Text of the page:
The Safe Drinking Water Act (SDWA) was passed in 1974, in order to protect the public from contaminants in our public water and to promote the safety and protection of these waters. Overall, in aggregate, our tap water is quite safe and is regularly tested for pollutants to protect the public. Since safe water is essential and fundamental for our good health it is imperative that our tap water continue to remain safe now and into the foreseeable future.
Many people do not like to drink tap water unfiltered and the filtering of tap water by the consumer is relatively low-cost and worthwhile. One must recognize, however, that the filtering of tap water will not purify the water, but it will help considerably in removing chemicals, such as chlorine, and sediment from the tap water. However, in order to purify tap water, one must purchase a water distiller purification system, in which the water is first heated to the boiling point, which then creates steam which is collected by the water purification system and ultimately that steam is converted back into liquid form, but without the contaminates. You can also purify tap water given the property tools through de-ionization or reverse osmosis.
The above would indicate that there are plenty of tools at our disposal to assure ourselves that our drinking water is clean, especially if the tap water is essentially safe to begin with. In cases in which the tap water within your community is contaminated, the usage of such water for drinking purposes without taking the necessary steps to purify it, would most definitely put your health in danger. Fortunately, in those communities in which the water has tested poorly, we have ready access to plenty of good, safe, bottled water which is a blessing.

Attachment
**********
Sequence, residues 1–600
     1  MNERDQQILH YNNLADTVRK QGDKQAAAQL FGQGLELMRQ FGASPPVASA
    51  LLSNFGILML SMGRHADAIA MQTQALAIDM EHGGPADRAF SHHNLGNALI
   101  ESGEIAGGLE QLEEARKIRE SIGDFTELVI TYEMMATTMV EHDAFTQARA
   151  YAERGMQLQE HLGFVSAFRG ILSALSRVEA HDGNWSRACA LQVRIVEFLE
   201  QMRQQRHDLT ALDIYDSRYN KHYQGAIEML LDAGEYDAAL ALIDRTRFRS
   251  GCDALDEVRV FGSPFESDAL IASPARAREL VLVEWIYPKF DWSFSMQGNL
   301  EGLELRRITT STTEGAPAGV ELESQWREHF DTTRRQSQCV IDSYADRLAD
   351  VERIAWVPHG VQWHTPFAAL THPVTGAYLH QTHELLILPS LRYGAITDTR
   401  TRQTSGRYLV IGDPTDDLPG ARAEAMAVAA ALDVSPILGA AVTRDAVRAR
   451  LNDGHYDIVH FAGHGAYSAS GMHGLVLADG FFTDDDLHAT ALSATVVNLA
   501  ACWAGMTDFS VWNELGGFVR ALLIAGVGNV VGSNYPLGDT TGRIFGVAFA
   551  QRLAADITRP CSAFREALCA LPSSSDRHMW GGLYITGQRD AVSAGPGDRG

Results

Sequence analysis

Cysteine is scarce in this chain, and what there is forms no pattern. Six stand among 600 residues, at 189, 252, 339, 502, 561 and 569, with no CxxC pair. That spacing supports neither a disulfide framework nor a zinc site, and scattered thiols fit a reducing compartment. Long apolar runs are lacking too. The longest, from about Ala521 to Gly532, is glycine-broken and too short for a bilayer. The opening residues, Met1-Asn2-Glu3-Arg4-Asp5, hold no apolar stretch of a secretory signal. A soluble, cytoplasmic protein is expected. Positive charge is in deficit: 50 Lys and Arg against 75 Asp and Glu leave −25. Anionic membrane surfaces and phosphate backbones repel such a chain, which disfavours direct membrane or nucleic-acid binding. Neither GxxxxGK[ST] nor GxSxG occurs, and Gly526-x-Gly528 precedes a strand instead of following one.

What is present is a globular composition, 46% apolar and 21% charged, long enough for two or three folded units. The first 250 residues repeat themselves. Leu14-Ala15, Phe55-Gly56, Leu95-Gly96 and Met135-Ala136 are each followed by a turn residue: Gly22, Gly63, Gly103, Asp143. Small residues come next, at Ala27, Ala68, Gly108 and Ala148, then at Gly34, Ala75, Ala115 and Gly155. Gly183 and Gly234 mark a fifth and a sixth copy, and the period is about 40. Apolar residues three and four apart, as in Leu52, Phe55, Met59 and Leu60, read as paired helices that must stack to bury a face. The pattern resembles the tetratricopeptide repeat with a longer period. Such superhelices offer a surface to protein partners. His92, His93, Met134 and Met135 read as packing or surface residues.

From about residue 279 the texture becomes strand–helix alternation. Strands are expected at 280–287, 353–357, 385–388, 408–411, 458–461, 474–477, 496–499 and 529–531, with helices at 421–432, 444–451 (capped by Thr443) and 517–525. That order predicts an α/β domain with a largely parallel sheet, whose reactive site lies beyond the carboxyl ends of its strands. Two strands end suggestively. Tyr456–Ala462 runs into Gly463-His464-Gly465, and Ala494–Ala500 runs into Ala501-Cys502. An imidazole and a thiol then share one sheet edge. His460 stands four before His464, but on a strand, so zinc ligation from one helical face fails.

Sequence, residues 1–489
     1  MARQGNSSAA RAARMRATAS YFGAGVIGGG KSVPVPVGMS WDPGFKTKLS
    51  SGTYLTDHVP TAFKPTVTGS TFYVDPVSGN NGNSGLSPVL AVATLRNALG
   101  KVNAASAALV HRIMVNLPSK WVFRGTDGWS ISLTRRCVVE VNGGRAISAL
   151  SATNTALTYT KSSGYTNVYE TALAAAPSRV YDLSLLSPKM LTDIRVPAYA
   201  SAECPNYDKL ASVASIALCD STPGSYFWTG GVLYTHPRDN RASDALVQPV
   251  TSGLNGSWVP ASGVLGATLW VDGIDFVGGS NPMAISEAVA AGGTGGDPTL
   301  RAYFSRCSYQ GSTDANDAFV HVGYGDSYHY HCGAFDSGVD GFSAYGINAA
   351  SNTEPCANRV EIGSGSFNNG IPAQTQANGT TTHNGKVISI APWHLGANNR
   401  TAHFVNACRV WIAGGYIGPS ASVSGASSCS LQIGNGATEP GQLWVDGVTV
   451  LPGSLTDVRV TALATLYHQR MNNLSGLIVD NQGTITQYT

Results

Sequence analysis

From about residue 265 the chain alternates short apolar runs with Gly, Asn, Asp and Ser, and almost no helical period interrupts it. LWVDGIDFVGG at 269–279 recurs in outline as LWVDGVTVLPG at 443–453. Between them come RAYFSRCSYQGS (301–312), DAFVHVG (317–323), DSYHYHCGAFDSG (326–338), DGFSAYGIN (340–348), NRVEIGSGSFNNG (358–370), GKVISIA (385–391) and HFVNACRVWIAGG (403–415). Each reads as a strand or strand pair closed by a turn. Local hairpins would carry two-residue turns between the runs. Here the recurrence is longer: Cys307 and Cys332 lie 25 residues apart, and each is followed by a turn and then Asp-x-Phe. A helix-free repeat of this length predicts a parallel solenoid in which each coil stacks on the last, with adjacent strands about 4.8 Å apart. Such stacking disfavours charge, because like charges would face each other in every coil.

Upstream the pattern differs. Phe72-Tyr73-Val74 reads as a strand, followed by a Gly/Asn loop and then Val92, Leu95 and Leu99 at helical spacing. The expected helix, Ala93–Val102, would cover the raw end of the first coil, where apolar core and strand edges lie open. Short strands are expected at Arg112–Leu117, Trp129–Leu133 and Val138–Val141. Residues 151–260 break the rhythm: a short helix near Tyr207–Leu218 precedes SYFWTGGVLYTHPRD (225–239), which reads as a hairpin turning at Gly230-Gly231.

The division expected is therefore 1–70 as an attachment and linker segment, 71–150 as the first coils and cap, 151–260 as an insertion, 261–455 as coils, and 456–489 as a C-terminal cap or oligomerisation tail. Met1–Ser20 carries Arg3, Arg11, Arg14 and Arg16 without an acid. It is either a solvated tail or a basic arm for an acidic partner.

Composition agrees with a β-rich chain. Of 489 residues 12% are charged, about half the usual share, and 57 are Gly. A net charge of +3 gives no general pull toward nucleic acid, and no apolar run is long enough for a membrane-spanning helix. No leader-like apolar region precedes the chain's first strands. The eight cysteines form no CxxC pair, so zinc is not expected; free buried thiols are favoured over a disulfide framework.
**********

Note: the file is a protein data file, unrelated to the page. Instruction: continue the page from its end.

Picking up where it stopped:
What is puzzling; however, are those that deliberately purchase bottle water in which their tap water gives every indication of being safe. Not only that, depending upon what type of water that you purchase, you may be purchasing tap water itself in which the sole difference is the area of the country that the tap water originates from. While there is water that you can purchase that is labeled as carbonated, underground, glacial, artesian, or as spring water, you will pay dearly for the privilege of drinking it.
For instance, for 2012, Americans spent a staggering $11.8 billion dollars on bottled water, in which for most of us, free tap water is readily available. I mean I know people that instead of providing tap water for their pets to drink provide them instead with bottled water. Why? I believe that Americans buy so much bottle water because they treat water as if it is a special beverage, worthy of its own packaging, its own cachet, and its own place. For instance, when you have company over, and you offer them something to drink, you can't possibly consider giving them a chilled glass of tap water, or tap water on ice, or tap water poured from a pitcher; no, you must provide them with their own bottle water, hopefully from the right company with the right prestige.